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This happens to be the third (yes that's right, third) of what is shaping up to be a series of Instructables of my favorite ways to cheat in the shop. You can read the first, Magic Socket Trick, and second Quick Thread Arbors.

Work happens at all angles. And sadly my shop is not equipped with a mitering metal saw of any kind. I can use the plasma or oxy-fuel torch to cut metal at angles, or even use the vertical band-saw. But to make nice clean fitted parts it is best to use a horizontal band-saw. And as I said before I have no mitering saw. So I cheat. And it works with anything with square corners, like bar stock, and square or rectangle tubing.

By placing my metal stock in the saw at the desired angle, so I can have spiffy mitered cuts. There are some important things to know. Nothing round. The saw teeth on a horizontal band-saw pull the work in the direction of blade travel. A shocking concept. Round stock or pipe that is free to roll will run away. Even on square cuts. And since the blade is pulling on the stock, there needs to be something to counteract this force. The stationary jaw of the saw's built in clamp usually works. Make sure the stock is firmly against this jaw, or at least securely fixed to the bed of the saw. I use the moving jaw of the clamp to provide this pressure, but there also needs to be a fulcrum behind it on the stock. My saw has been used this way so often that it has been modified to accommodate this. There is an extension to the saw bed that allows for clamps to be easily secured to it. And if my piece of stock is long enough all I might do is apply a little pressure to it with my leg, no clamps required. Just need to be rock steady to keep things from moving.

If I want to do angles in extreme multiples I will use another short piece of stock to have a fence to push against the stock to be cut. Another thing to know when dialing in the angle is it helps to use the saw clamp to slowly push the stock. That way there is no need to see-saw across the cut angle because I tap too hard. Plus it is a little speedier. Other things to note. Clamping the stock down to the saw bed is not necessary, but it does need to be square to the saw bed. And secured enough to keep the cut from moving up the stock. If you do have a mitering saw you can use this trick to cut double the angles! I am so jealous of you people.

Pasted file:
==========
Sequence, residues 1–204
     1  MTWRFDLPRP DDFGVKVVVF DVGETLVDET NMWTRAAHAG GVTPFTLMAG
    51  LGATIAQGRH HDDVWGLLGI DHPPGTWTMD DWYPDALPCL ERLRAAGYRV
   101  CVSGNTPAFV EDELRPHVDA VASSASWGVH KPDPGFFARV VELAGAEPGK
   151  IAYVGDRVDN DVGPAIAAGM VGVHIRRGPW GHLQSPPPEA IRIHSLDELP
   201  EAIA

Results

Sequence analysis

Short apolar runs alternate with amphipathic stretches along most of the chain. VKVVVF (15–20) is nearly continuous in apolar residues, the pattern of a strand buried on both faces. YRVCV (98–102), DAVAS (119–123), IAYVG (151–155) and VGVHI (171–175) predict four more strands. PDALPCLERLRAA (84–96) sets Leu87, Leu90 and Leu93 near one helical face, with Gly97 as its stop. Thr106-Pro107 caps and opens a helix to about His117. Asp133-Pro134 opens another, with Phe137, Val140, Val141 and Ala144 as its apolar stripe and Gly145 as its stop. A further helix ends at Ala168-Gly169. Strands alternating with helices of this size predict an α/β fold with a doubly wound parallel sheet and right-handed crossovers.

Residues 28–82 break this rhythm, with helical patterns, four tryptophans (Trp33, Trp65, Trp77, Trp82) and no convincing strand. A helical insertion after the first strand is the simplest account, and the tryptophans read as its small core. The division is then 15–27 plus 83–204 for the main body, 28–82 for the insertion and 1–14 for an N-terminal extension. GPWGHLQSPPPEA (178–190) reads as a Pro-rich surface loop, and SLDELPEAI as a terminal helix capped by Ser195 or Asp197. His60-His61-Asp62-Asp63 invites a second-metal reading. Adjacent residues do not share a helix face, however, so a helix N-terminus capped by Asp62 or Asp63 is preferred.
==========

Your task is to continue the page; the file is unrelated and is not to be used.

Step 1: Safety First

So this has the potential of going sideways in ways that are less than fun. I usually use common sense, but in recent years I have learned that what is common to me is not always common to others.

  • If your stock does not have sharp roll preventing corners, best find another way to go. As the saw blade bites into the stock it will pull on it. Rather more than I can hold on to. And even though a metal band-saw is a slower speed saw, there is more than enough movement to throw things around. Unintentional projectiles are something I avoid.
  • This one that should go without saying... Keep your fingers away from the blade! Also there is the potential for creating some nasty pinch points. So if you think your fingers and/or other tender parts are between two hard places, at least check to be sure there is nothing that would move them together.
  • My Dad modified my saw. Is it safe to use? Most of the time that answer is yes. Where I can clamp on the wrong side of the vise has great potential for binding saw blades. Also all modifications to my saw have not weakened the structure of the saw.
  • Use your best judgement. If you aren't comfortable with what is going on, STOP! I have been in those situations. I ignored my instincts. I regretted it. You can always work harder to do something the right way. What time you may save is usually not worth what you can loose.
<p>&quot;Safety First&quot;</p><p><em>Excellent info here, I am<br>currently doing some research and found exactly what I was looing for.</em></p>
<p>Very nicely explained. </p><p>Just gotta say, I'm pretty jealous of that saw. That looks incredibly handy!</p>
<p>It is very handy. Near 20 years of service. And only a few breakdowns. But one always seems to want something better.</p>

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Bio: I am a shop body. Give me a job, the tools to do it, and I will be happy as can be. I get along ... More »
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